But all of that is speculation since we don’t have the contracts to study, only some vague and misleading reminiscences of Mr. Google Eyes himself and the best guesses of a handful of historians who don’t always dig deeper than the first available explanation, no matter how unlikely it appears.
Whatever the case, the downcast Life Can Be A Hard Road To Travel marks the end of this leg of the journey for August and Columbia, though their paths will cross again down the road.
Just Not Satisfied
It’s hard NOT to peak ahead at future releases when assessing Columbia’s decision to release this song as their final effort to break Mr. Google Eyes into the big time as they left more appropriate songs on the table (assuming the likely deal we mentioned was in fact the case) and try and see what it was they were thinking by choosing this one.
On the surface Life Can Be A Hard Road To Travel has obvious advantages considering what they paired it with. Now stop us if you’ve heard this before but it’s almost always a smart move to couple an uptempo song with a ballad, or an instrumental with a vocal for that matter… anything to show two sides of an artist’s abilities in other words, and considering that Love Me had fallen more or less into the upbeat mode then naturally it’d make sense to choose a ballad to back it with.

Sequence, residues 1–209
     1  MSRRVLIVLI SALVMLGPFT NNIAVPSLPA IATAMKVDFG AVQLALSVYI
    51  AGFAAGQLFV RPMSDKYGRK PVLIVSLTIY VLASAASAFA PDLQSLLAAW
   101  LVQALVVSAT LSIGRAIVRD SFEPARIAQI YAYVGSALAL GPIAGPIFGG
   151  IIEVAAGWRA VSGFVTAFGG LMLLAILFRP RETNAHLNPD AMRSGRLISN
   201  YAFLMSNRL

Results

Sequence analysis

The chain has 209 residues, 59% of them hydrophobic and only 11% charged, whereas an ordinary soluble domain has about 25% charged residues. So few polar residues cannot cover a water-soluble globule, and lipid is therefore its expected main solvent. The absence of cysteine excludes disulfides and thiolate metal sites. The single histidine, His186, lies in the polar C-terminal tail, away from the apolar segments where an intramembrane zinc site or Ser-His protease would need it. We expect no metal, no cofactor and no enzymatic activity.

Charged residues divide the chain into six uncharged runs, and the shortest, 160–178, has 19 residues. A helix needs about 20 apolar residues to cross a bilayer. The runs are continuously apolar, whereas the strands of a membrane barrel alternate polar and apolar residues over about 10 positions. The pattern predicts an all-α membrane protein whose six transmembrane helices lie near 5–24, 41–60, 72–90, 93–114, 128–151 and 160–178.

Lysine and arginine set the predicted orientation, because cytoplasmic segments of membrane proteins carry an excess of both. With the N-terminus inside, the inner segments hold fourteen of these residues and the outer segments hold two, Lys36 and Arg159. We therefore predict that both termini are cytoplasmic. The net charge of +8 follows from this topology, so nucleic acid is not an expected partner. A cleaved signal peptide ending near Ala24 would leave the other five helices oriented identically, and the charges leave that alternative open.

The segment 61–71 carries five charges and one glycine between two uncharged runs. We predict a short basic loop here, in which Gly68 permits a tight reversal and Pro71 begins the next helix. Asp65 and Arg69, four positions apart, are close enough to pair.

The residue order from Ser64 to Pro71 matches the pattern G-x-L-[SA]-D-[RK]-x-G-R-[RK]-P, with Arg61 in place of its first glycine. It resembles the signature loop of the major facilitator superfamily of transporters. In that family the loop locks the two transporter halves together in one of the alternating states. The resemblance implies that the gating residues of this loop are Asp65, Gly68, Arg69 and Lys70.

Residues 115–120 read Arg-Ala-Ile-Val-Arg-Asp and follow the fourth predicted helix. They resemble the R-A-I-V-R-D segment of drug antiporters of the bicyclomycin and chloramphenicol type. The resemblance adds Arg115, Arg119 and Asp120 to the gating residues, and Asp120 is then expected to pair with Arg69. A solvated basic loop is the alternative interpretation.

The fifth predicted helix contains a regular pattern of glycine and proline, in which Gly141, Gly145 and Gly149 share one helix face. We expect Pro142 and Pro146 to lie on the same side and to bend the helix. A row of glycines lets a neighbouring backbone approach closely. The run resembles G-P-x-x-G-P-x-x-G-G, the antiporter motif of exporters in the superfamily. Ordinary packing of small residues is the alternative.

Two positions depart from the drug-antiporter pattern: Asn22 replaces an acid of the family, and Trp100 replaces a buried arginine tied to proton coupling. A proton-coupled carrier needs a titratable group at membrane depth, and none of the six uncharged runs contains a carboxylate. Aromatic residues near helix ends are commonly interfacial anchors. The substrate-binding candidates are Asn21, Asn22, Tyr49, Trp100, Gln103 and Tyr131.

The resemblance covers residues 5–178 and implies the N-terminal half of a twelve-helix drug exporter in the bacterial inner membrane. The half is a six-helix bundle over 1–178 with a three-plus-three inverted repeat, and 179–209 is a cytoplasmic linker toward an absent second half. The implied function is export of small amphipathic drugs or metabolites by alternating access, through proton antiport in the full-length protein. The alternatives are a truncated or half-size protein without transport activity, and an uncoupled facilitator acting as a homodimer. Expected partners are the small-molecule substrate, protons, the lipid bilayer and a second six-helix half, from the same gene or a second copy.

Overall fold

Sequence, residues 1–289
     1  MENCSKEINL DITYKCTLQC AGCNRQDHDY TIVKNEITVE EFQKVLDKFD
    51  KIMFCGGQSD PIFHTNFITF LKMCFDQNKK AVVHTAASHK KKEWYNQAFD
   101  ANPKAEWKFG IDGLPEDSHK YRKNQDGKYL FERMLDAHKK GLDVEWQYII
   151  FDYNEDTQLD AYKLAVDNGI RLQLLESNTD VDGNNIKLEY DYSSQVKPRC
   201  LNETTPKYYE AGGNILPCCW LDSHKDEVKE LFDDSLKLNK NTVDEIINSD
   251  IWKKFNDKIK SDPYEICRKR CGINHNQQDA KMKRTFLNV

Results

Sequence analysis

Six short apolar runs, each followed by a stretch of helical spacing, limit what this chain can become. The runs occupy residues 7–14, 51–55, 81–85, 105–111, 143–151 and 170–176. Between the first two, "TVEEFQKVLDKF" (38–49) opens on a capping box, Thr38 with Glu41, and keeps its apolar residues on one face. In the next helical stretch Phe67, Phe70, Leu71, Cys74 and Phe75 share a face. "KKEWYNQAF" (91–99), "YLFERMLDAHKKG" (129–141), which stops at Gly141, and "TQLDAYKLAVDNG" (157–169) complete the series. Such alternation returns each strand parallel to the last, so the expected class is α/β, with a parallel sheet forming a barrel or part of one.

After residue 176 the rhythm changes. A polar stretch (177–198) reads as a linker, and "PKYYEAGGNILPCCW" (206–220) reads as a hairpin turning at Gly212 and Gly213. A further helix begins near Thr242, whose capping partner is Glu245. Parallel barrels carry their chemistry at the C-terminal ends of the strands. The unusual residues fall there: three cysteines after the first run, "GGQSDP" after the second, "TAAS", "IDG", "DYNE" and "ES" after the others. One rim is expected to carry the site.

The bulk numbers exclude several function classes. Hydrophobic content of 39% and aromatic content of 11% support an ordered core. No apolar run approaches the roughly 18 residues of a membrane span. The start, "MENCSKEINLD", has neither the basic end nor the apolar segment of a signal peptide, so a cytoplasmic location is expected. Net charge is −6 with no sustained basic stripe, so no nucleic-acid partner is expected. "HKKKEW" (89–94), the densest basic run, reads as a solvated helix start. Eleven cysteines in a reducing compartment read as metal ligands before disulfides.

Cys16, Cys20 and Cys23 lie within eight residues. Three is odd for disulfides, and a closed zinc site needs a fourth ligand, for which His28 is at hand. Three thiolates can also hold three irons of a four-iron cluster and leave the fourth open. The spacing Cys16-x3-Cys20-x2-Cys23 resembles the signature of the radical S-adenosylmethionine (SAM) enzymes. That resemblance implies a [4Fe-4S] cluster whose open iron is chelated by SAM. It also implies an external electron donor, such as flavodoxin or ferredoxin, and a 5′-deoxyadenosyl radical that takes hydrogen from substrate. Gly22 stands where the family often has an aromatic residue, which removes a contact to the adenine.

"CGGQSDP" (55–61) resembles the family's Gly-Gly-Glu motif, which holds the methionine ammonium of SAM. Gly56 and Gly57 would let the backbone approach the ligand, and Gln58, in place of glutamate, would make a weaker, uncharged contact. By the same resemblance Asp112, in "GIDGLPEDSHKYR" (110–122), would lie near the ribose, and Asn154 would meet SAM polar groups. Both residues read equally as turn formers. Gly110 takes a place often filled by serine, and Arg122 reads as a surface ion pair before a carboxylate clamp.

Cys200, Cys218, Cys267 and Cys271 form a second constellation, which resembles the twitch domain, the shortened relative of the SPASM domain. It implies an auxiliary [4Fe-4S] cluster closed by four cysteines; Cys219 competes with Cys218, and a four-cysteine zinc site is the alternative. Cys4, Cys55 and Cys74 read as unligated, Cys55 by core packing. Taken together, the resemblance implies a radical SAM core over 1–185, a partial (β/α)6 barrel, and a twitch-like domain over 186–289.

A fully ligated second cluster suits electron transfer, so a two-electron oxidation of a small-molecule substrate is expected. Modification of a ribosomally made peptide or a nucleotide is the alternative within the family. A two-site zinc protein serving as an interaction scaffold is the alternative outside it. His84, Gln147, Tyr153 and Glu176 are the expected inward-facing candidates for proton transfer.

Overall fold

But if Columbia did indeed have their pick of all of the cuts Mr. Google Eyes had made a few months earlier it’s hard to understand why they wouldn’t have tossed out that particular rule of thumb and gone with a song that had more musical merit than this one, especially when the company was so sensitive to their perceived status as purveyors of a classy product.
No, no… hold on, it’s not that this is a racy record or anything if that’s what you think we mean, for it isn’t the content that’s objectionable here at all, it’s the lax production values that sink this before it ever gets off the ground, making it one song that demanded another take or else the one song that deserved to be kept in the vaults altogether.
This is rather surprising considering we just praised August for his tighter vocals on the flip side which suggested he was smoothing out his ragged edges and reining in his tendency to rush headlong into a song without mapping it out more carefully first. But this record is just full of mistakes that leave any objective appraisal of the rest of its attributes a moot point.
God Gave Adam Eve… But Not A Dictionary